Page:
Daniel J. Boorstin

Daniel Joseph Boorstin (1914 – 2004) was an American historian at the University of Chicago who wrote on many topics in American and world history. He was appointed the twelfth Librarian of the United States Congress in 1975 and served until 1987. Boorstin was instrumental in the creation of the Center for the Book at the Library of Congress.

Repudiating his youthful membership in the Communist Party while a Harvard undergraduate (1938–39), Boorstin became a political conservative and a prominent exponent of consensus history. He argued in The Genius of American Politics (1953) that ideology, propaganda, and political theory are foreign to America. His writings were often linked with the "consensus school", which emphasized the unity of the American people and downplayed class and social conflict.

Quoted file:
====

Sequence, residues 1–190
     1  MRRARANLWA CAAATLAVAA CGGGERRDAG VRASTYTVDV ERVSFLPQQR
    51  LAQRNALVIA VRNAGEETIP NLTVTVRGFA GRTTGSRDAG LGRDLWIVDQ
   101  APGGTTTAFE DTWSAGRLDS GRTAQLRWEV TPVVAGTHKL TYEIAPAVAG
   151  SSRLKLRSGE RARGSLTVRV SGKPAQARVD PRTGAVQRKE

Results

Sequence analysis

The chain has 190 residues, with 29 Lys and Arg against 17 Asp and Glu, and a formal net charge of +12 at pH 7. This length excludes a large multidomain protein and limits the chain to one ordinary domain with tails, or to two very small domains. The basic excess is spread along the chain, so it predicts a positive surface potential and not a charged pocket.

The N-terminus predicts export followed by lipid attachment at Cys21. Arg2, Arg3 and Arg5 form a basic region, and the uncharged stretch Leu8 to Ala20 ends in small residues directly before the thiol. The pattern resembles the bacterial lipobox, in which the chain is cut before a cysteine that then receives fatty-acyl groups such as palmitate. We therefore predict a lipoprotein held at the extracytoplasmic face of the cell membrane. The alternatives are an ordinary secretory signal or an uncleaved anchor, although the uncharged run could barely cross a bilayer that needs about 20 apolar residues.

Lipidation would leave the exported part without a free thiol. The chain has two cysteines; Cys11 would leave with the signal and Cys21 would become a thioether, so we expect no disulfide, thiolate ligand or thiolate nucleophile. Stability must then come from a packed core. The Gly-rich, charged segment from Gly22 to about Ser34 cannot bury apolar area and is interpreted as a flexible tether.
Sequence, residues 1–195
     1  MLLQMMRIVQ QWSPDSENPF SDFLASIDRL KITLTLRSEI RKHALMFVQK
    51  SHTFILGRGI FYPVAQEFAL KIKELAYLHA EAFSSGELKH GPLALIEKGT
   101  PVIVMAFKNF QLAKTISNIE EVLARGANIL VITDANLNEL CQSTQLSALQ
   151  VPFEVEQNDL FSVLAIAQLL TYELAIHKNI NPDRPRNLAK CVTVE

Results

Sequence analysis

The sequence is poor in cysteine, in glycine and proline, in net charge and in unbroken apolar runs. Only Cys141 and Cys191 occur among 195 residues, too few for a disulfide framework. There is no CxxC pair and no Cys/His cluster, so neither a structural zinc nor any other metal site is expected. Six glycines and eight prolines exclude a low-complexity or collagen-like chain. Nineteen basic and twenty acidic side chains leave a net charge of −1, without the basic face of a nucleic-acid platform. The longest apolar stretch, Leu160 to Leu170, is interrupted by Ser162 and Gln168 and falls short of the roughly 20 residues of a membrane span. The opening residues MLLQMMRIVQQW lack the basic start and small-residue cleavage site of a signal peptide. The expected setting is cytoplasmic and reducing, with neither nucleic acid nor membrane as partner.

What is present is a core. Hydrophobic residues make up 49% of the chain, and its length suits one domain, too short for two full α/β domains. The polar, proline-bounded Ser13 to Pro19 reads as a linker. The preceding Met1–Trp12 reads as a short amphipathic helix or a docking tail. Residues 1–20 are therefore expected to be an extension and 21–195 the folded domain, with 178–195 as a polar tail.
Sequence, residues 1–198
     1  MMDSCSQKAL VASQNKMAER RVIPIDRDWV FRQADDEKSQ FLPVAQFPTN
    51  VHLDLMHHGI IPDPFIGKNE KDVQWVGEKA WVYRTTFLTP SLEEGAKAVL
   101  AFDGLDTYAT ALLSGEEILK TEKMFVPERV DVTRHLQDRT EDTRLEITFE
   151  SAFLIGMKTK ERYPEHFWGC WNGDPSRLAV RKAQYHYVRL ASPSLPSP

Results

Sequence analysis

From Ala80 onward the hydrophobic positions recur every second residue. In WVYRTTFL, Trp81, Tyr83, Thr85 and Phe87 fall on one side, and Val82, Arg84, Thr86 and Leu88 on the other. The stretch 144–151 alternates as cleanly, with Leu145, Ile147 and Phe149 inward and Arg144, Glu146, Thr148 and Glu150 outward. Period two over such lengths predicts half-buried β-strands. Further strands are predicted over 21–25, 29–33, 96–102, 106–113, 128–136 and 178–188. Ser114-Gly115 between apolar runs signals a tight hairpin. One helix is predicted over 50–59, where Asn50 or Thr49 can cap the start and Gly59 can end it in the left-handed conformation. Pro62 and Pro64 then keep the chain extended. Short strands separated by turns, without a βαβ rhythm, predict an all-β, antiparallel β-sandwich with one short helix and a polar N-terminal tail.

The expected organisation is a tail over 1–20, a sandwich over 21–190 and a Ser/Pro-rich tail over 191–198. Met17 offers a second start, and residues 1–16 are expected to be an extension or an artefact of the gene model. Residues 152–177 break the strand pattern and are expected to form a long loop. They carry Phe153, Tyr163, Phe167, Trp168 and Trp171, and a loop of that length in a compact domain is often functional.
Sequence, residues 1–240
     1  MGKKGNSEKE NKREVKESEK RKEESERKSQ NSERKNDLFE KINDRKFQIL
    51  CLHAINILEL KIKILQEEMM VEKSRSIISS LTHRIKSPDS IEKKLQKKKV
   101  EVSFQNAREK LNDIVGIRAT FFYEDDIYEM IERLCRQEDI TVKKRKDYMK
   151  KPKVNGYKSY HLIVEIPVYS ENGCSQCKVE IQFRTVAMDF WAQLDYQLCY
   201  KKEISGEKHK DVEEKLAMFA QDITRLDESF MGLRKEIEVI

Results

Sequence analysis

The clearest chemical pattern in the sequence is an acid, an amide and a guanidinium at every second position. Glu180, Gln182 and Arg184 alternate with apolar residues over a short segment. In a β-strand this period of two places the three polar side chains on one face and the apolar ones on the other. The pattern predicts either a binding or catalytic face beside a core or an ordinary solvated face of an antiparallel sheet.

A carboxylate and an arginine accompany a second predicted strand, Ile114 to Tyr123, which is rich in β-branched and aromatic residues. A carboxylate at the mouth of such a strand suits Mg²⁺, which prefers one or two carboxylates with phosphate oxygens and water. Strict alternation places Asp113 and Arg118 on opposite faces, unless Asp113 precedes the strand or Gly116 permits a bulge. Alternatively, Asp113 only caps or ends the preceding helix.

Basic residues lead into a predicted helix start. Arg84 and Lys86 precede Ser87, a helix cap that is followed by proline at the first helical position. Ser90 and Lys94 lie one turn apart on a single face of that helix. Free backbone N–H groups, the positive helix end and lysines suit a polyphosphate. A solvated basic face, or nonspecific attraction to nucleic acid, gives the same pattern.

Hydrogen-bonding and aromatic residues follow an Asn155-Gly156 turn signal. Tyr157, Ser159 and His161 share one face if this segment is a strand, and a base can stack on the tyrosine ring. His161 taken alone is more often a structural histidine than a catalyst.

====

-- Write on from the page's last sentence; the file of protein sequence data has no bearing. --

Some of his most acclaimed works are The Americans: The Colonial Experience (1958), The Americans: The National Experience (1965), The Americans: The Democratic Experience (1973), The Discoverers: A History of Man's Search to Know His World and Himself (1983), The Creators: A History of Heroes of the Imagination (1992), The Seekers: The Story of Man's Continuing Quest to Understand His World (1998).

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